Throughout the Celtic legends there are references to prophecies, futures foretold and promises made by victors and losers alike. One of the most famous prophecies by the Morrigan is told at the end of Cath Maige Tuired, the great battle that Lugh wins against the Fomorians, and is conflicting at best. Elizabeth Gray’s translation tells us that the first section prophecies a time of fullness and peace, but then the Morrigan goes on to foretell doom, betrayal, and the end of the world. In Tain Bo Cualnge (translation Cecille O’Rahilly, 1976), Queen Medb demands a poetess to divine the fate of her army in the upcoming battle against the Ulster men. The prophetess does as she is told but Medb is not happy, as she discovers, although she does not believe it, that her army will be greatly reduced by the power of one young man. Prophecy of this kind is indeed a double edged sword; sometimes simply hearing the prophecy can be the spark that makes it come true, and sometimes doing everything one can to avoid the outcome of the prophecy can cut the very rut that holds the wheels of fate. Medb, in a way, does exactly what she should do which is to ignore the prophecy and carry on towards the battle field, but in this case the prophecy is not self-fulfilling, and Cu Chulainn is indeed the young lad that will see the host blood stained and red. So what should Medb have done? Taken her army home? What do we do, when faced with the promise of failure? Do we give up? Or do we fight in the face of adversity? Well, each of us will have our own answer for that, and I for one know there have been times when I know that continuing to fight is not the best course of action, and indeed sometimes backing down, though it may hurt the pride and ego, will be less painful in the long run.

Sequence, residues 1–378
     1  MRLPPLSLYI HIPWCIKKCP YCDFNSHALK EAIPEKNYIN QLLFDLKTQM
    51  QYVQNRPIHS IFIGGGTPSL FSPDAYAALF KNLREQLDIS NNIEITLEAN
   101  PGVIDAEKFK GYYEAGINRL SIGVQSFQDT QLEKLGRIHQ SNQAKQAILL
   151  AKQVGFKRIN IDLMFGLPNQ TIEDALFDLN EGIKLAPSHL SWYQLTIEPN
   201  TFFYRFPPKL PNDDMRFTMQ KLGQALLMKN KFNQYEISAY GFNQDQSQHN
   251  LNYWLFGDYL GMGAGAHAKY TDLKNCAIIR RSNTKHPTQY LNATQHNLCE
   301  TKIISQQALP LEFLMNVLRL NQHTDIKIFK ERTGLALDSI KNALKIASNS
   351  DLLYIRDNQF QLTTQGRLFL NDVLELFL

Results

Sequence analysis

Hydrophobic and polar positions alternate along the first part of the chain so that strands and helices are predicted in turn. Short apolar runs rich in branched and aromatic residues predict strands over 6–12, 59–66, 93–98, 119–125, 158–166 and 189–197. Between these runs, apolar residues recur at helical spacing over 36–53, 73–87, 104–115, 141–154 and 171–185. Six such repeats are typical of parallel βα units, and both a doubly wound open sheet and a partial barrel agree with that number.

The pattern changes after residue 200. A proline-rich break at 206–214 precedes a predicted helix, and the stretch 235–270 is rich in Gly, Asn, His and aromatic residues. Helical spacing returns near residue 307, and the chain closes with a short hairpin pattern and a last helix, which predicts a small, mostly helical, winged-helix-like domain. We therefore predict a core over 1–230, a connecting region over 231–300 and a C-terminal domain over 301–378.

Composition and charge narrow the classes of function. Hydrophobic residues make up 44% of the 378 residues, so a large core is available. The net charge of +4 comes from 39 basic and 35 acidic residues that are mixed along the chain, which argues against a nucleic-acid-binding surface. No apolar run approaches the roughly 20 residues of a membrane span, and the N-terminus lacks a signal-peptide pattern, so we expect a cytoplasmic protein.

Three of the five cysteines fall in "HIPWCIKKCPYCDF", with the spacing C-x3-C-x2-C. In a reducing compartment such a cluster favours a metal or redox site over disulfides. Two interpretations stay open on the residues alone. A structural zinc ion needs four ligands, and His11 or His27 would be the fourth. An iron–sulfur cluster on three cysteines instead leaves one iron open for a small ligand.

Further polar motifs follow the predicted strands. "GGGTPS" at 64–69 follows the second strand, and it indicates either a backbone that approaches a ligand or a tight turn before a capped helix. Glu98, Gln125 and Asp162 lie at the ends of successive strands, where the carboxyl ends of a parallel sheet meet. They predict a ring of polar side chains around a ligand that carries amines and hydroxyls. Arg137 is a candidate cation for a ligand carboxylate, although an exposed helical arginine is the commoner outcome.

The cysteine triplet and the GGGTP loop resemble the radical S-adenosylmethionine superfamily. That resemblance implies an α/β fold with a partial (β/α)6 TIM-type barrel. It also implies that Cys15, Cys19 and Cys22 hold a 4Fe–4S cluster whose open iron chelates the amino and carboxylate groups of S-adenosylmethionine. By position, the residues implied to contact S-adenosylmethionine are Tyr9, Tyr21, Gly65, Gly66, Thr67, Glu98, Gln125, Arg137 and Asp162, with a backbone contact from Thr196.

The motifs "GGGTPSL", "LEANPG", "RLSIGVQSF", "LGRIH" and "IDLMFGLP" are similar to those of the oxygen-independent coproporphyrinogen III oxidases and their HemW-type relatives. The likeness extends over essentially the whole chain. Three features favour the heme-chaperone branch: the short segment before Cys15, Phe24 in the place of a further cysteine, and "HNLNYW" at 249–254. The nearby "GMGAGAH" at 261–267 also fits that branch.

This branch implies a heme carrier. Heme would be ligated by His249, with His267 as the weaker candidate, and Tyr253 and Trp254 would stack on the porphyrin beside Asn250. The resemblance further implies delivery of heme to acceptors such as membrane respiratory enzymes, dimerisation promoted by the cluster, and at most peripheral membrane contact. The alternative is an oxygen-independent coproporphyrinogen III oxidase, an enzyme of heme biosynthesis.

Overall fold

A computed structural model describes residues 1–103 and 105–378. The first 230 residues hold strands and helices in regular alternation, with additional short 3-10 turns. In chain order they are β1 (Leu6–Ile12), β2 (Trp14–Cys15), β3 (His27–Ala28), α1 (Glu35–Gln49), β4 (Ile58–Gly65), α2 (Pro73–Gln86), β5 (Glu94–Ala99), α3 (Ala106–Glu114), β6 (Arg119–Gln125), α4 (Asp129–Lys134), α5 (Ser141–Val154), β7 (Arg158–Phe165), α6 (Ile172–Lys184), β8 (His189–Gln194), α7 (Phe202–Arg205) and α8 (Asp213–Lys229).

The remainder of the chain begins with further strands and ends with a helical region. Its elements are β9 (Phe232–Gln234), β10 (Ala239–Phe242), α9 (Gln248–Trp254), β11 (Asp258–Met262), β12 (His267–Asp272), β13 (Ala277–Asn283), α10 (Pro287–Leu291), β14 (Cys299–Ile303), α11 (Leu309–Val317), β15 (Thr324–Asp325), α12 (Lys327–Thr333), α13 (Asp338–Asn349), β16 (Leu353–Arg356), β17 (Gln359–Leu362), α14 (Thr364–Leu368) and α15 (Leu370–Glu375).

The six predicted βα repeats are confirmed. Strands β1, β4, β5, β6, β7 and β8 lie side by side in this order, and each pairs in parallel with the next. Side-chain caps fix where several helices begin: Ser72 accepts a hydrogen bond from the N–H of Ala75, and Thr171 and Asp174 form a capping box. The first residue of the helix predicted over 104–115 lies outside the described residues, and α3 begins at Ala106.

(c) 2012, excerpt from A Modern Celt, Mabh Savage